Does not the law of Karma set men an example to be retaliative, since the workings of that law are essentially retaliative in retribution, apparently enforcing "an eye for an eye and a tooth for a tooth"? Or should we not look upon the law as retaliative or retributive at all, only our short-sighted conception of justice making it appear so?

W.Q.J. -- I do not understand how any one could imagine that the law of Karma, rightly understood, could lead one to retaliation. Certainly a law such as this cannot "set an example," for that infers the action of a being such as a God, or other being. The law of Karma should not be regarded as a law of retaliation, because retaliation again infers the action of a being and not the working of law. Karma is the working out of effect from cause, as well as the creation of cause from which an effect must follow. Hence Karma is completely merciful, because justice and mercy in their highest aspect are one. The exact result must follow the cause, and from every act will flow many effects, both good and bad. Those who wish to have an excuse for retaliation can of course warp any law to their own ends, and the way to warp the law of Karma so as to support retaliation is to talk of it as setting an example, or doing some other thing which can only be performed by an individual with conscience, intelligence, and responsibility.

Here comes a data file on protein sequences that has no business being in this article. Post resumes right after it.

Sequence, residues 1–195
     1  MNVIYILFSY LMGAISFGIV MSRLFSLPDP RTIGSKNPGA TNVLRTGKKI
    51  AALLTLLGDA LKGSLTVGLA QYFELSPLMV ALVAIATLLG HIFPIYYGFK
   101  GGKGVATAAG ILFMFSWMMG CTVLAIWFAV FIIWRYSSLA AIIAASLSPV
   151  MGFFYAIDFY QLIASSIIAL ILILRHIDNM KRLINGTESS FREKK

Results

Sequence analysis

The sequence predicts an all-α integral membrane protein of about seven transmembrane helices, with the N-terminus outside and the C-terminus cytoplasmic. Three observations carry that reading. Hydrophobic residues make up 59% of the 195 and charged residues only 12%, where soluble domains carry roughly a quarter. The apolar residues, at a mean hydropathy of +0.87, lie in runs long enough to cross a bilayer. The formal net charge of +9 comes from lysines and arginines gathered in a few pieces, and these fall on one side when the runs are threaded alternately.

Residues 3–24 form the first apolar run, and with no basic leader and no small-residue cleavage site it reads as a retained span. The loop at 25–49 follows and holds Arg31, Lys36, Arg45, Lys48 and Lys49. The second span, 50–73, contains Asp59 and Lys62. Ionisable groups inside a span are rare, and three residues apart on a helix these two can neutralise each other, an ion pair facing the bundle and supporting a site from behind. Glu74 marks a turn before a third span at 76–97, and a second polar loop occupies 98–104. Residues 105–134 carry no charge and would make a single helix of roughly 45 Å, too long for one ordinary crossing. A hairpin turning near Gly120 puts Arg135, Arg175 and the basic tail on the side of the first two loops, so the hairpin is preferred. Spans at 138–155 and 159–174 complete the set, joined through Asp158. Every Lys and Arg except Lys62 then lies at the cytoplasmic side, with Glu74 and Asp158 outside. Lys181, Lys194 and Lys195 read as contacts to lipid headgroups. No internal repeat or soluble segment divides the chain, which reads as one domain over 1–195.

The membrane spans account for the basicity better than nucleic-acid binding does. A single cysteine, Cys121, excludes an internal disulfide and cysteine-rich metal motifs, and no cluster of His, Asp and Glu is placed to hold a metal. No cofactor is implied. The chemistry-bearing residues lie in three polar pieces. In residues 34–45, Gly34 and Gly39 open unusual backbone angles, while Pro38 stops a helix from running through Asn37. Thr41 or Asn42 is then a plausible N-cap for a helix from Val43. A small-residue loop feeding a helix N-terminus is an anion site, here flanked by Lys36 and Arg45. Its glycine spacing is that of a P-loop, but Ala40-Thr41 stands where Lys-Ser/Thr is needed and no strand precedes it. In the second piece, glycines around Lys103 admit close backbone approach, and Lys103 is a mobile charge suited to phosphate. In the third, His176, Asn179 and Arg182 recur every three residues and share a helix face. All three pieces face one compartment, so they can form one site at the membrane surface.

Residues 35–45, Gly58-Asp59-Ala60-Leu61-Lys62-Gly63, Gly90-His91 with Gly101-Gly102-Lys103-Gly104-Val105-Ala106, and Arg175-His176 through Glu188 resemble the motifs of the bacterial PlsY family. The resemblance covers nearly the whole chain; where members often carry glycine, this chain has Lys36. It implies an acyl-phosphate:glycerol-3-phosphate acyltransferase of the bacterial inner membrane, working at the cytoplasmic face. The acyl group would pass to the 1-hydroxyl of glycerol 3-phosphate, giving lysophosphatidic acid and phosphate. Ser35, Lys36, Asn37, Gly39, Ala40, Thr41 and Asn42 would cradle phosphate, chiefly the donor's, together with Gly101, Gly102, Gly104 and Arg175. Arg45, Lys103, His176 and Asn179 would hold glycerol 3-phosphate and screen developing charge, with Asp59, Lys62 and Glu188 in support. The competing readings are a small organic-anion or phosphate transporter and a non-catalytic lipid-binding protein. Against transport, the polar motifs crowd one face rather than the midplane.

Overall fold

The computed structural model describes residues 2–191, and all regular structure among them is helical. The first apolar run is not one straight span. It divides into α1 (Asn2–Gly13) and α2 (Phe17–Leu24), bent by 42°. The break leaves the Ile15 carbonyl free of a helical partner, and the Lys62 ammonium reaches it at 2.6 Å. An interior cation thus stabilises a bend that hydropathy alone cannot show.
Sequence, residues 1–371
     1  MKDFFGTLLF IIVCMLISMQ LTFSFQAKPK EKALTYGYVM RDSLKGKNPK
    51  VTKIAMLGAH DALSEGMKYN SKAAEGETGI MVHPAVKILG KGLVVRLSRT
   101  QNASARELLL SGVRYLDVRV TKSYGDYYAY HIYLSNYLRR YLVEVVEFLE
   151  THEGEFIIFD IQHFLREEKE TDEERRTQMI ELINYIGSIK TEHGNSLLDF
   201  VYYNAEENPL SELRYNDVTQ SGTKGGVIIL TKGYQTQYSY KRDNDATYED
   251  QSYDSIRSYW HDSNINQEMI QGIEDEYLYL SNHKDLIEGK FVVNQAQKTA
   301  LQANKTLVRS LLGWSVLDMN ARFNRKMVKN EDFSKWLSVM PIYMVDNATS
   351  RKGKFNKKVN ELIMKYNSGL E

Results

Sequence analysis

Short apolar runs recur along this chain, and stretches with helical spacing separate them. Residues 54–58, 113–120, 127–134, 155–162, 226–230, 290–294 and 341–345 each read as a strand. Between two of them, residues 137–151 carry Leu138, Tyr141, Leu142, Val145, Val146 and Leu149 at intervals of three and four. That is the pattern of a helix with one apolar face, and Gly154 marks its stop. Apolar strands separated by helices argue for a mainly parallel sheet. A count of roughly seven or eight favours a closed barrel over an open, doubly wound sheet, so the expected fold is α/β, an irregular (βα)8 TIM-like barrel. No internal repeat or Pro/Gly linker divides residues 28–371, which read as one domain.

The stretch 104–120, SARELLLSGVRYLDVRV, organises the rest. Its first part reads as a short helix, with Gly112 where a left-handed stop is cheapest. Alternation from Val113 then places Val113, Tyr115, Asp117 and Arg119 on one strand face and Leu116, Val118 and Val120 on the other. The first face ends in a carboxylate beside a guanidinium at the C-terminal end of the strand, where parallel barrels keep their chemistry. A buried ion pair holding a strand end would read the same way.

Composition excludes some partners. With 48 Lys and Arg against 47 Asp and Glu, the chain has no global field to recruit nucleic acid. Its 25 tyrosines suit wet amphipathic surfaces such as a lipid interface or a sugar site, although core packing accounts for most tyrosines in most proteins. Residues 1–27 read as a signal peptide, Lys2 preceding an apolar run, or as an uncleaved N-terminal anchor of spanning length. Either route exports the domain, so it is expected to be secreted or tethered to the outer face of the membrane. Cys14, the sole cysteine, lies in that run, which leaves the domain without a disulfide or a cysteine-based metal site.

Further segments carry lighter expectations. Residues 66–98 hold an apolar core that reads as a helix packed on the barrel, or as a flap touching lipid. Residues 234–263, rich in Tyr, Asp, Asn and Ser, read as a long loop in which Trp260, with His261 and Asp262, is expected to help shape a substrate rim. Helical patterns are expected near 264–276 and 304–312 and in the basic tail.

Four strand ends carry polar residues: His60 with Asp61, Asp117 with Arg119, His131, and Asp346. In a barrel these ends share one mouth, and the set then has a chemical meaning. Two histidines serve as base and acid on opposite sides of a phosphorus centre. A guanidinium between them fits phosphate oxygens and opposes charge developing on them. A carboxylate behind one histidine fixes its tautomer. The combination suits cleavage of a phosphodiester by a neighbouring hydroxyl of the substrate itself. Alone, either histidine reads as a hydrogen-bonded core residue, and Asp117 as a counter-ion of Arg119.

I am not able to see that the law of Karma as expounded by most Theosophists is not retaliative in both its retributive and its beneficent aspect. "W.Q.J." says: "The law of Karma should not be regarded as a law of retaliation, because retaliation infers the action of a being and not the working of a law." But how can a law work without the action of some being or beings; and even if it did so work, a law can have a retaliative character as well as a being. And since a law expresses the will of some being or beings, this will may express retaliation through its laws just as many human laws do. Such a law could emanate only from an anthropomorphic being, and furnishes a selfish motive for right doing or abstention from evil doing. If wrong doing is the cause of suffering, and if right doing is invariably rewarded, we should find these effects always following these causes, but such is not the fact. Right doing is very often the cause of suffering, and wrong doing the cause of pleasure. If there is any such law that rewards us for doing right and punishes for doing wrong, it should be inoperative among beings which had no sense of right and wrong, such as animals; yet we find that animals have suffering and sorrows, pleasures and joy. Is it not nobler and more spiritual to do right because it is our duty and from love of the right and of our fellow-creatures? Such has been the motive of all great souls. The law of Karma is the law of cause and effect, or of evolution, and as such of course includes all causes of suffering or pleasure, but when it is stated that the ethical character of the cause determines what the effect shall be, we state what cannot be substantiated by fact.